Decreasing Delirium Through Music

A Randomized Pilot Trial

Sikandar H. Khan, DO, MS; Chenjia Xu, PhD; Russell Purpura, MD; Sana Durrani, MBBS; Heidi Lindroth, PhD, RN; Sophia Wang, MD; Sujuan Gao, PhD; Annie Heiderscheit, PhD, MT-BC, LMFT; Linda Chlan, PhD, RN; Malaz Boustani, MD, MPH; Babar A. Khan, MD, MS

Disclosures

Am J Crit Care. 2020;29(2):e31-e38. 

In This Article

Abstract and Introduction

Abstract

Background: Management of delirium in intensive care units is challenging because effective therapies are lacking. Music is a promising nonpharmacological intervention.

Objectives: To determine the feasibility and acceptability of personalized music (PM), slow-tempo music (STM), and attention control (AC) in patients receiving mechanical ventilation in an intensive care unit, and to estimate the effect of music on delirium.

Methods: A randomized controlled trial was performed in an academic medical-surgical intensive care unit. After particular inclusion and exclusion criteria were applied, patients were randomized to groups listening to PM, relaxing STM, or an audiobook (AC group). Sessions lasted 1 hour and were given twice daily for up to 7 days. Patients wore noise-canceling headphones and used mp3 players to listen to their music/audiobook. Delirium and delirium severity were assessed twice daily by using the Confusion Assessment Method for the Intensive Care Unit (CAM-ICU) and the CAM-ICU-7, respectively.

Results: Of the 1589 patients screened, 117 (7.4%) were eligible. Of those, 52 (44.4%) were randomized, with a recruitment rate of 5 patients per month. Adherence was higher in the groups listening to music (80% in the PM and STM groups vs 30% in the AC group; P = .01), and 80% of patients surveyed rated the music as enjoyable. The median number (interquartile range) of delirium/coma-free days by day 7 was 2 (1–6) for PM, 3 (1–6) for STM, and 2 (0–3) for AC (P = .32). Median delirium severity was 5.5 (1–7) for PM, 3.5 (0–7) for STM, and 4 (1–6.5) for AC (P = .78).

Conclusions: Music delivery is acceptable to patients and is feasible in intensive care units. Further research testing use of this promising intervention to reduce delirium is warranted.

Introduction

Patients receiving mechanical ventilation are at high risk for delirium, a syndrome of acute brain failure associated with prolonged stays in an intensive care unit (ICU), high health care costs, and high mortality.[1–6] An intubated patient also experiences pain, anxiety, and physiological stress, which are usually treated with sedatives—themselves risk factors for delirium. This creates a perpetuating cycle of pain, anxiety, sedation, and delirium.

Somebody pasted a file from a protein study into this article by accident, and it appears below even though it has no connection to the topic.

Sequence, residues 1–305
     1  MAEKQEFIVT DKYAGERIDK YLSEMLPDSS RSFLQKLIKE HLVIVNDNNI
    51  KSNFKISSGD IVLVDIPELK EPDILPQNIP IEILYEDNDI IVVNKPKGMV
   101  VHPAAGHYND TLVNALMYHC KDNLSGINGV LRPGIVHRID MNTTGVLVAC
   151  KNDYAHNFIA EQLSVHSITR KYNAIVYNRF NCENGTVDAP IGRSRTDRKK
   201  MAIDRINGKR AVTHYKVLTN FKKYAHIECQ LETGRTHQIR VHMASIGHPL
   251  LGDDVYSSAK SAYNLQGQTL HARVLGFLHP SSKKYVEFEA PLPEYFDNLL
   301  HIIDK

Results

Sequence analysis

Efforts to prevent and manage delirium in the ICU have had mixed results: pharmacological interventions have not changed delirium outcomes, whereas bundled protocols emphasizing judicious pain control, avoidance of oversedation, delirium monitoring, daily ventilator liberation trials, mobility, and family involvement have reduced delirium.[7–11] These multicomponent protocols are limited by low adherence; greater adherence was associated with increased patient-reported pain.[11] Scalable, low-burden, and effective interventions are clearly needed to manage patients' symptoms and reduce the burden of delirium.

Effective nonpharmacological interventions to prevent and treat delirium are needed.

Music may be an ideal nonpharmacological intervention that could begin to address this gap. In hospitals, listening to music has been associated with lower heart rates, blood pressures, and serum cortisol levels, and less anxiety, postoperative pain, and sedative exposure.[12–19] Patients undergoing mechanical ventilation who listened to slow-tempo music (STM) in a patient-directed music intervention had less anxiety and received fewer doses of sedative than did patients receiving usual care.[13] Despite these findings, few studies have examined the effect of music on delirium in the ICU. Furthermore, prior studies limited enrollment to alert, stable patients receiving spontaneous mechanical ventilation in order to obtain the patients' music preferences.

Providing a personalized music intervention for critically ill patients poses unique logistical challenges, but the comparative efficacy of nonpersonalized STM has not been tested. Therefore, we designed our study to test the feasibility of, adherence to, and acceptability of 2 types of music intervention and attention control in complex, critically ill patients, and to estimate the effect of music on delirium outcomes.

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